Revision techniques that don’t work
Some students might be worried that the exam revision techniques they’re using are ineffective. If you struggle with exams and can’t seem to be able to retain information, it might be because you’re revising in unproductive ways. To secure the best grade possible, you need to be aware of these techniques, since grades can affect your future. So, what revision techniques don’t work? Read on to find out!
Reading the textbook
Whilst reading your course textbook can be a great starting point in understanding the information, it doesn’t always work well for retaining the information. You might think you’re being quite productive by reading the information, but this isn’t always the case. If you’ve already read something, your mind can start to wander, and it can be an inefficient process.
Applying this knowledge to exam questions or testing your memory can work much better and make you much more prepared for the exam. It can be easy to forget specific facts that you’ve scanned in reading, so actually testing yourself on how well you remember these facts can be more effective in noticing your weak areas.
Highlighting is a very common revision technique, with students picking out key phrases and making them stand out. Despite it being quite popular, research has shown highlighting to be largely inefficient. You’d want to memorise all your notes rather than just random words – highlighting could undermine the revision material as a whole.
Studying with friends
Whilst this type of method might not be completely ineffective, it can certainly hinder the efficiency of revising. With friends, students are more likely to get distracted than focus on the task at hand. The presence of people you usually associate having fun with could stop you from concentrating on the all-important knowledge that you need to be ingraining inside your mind. Studying alone doesn’t provide distractions in this way, making it arguably more effective. You don’t have your friends by your side in the exam!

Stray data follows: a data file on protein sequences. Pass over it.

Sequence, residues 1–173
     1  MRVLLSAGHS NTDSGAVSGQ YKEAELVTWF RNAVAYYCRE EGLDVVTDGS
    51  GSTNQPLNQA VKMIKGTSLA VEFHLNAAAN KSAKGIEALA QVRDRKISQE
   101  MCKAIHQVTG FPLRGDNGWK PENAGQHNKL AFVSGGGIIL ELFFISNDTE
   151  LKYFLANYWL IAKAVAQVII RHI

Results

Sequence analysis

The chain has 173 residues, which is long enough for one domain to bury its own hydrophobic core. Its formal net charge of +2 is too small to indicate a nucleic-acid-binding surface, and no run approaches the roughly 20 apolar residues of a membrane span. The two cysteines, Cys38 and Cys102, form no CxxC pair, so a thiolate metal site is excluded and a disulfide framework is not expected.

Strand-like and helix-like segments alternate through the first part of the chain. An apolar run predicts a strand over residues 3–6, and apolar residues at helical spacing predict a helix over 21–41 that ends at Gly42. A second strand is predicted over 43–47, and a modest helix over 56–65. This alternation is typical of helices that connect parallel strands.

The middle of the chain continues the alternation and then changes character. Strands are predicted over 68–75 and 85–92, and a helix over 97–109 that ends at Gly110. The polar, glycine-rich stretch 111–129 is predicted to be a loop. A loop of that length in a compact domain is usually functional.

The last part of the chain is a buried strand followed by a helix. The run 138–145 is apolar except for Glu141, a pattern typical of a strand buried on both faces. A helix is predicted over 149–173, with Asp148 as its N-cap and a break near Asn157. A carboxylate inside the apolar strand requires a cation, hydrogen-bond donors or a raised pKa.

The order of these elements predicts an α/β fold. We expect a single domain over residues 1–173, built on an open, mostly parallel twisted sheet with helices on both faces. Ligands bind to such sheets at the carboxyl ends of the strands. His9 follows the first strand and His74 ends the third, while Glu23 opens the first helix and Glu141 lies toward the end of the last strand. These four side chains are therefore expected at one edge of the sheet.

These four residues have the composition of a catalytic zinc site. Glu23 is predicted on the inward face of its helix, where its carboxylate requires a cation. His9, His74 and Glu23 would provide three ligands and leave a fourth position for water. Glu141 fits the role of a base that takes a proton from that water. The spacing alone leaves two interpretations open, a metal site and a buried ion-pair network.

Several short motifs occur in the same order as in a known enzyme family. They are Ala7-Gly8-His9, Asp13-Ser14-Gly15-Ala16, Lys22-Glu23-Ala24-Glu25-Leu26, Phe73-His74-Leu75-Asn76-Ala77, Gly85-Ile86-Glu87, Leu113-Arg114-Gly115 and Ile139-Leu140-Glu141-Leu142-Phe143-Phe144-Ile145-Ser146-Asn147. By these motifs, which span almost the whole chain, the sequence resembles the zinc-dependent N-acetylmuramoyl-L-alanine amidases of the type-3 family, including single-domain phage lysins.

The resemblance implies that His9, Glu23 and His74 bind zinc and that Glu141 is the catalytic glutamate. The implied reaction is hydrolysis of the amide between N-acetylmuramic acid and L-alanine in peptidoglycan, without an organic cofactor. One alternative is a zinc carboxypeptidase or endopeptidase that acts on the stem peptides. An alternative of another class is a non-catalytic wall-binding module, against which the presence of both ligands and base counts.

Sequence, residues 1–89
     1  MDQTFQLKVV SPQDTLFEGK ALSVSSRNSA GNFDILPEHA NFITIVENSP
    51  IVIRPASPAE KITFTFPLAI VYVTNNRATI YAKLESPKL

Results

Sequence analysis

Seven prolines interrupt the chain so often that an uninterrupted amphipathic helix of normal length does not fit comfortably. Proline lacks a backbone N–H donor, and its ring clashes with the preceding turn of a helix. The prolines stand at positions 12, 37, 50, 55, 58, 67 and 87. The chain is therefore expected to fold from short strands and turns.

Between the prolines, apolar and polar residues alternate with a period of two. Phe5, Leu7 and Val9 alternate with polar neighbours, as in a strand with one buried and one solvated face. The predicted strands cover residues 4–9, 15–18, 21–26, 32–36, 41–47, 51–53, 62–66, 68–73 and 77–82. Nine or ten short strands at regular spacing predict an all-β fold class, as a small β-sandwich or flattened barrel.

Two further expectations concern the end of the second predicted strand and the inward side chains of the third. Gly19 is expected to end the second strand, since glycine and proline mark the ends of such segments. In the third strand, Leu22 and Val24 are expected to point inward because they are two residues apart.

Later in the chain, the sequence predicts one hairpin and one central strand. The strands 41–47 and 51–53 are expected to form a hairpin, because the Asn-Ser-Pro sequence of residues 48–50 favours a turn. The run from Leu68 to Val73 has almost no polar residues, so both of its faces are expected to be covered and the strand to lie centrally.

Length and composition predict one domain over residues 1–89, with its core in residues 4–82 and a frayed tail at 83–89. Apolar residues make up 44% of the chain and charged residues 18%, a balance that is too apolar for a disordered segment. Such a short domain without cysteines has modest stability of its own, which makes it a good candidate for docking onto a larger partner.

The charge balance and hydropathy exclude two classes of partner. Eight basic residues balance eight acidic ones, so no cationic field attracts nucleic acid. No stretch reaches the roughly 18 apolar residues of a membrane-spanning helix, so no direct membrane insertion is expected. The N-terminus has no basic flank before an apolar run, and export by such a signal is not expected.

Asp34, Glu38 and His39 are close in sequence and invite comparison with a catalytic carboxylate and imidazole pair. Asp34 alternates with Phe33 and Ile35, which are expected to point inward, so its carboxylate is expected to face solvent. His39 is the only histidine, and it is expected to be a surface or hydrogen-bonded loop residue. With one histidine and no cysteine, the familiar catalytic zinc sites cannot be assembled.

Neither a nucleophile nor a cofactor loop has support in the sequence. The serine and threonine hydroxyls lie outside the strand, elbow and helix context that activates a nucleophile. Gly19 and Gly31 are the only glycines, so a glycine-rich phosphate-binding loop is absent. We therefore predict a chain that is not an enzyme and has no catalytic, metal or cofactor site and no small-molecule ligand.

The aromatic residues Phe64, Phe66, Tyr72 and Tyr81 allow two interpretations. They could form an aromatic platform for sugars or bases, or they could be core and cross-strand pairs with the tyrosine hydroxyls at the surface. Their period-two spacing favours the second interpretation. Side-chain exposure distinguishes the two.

Note-taking whenever a teacher speaks is a passive technique. Whilst you could retain some information from copying things down, often, this type of method doesn’t ingrain the knowledge inside your head because your action is passive. Passive learning doesn’t help you fully immerse yourself in the understanding of a concept. This means that you may not be able to use these concepts properly in an exam. Simply reading material and copying it down on a piece of paper will not be enough to hit the higher grades. The application of concepts to real-life questions is an absolute necessity.
So, be aware that certain revision techniques are not as effective as others. By doing some of these techniques, you might even be wasting your time and could hinder your exam performance. Securing good grades is crucial for certain situations, whether this is to get a job or move on to higher study, so students should try to make sure that their revision techniques are actually working before it is too late!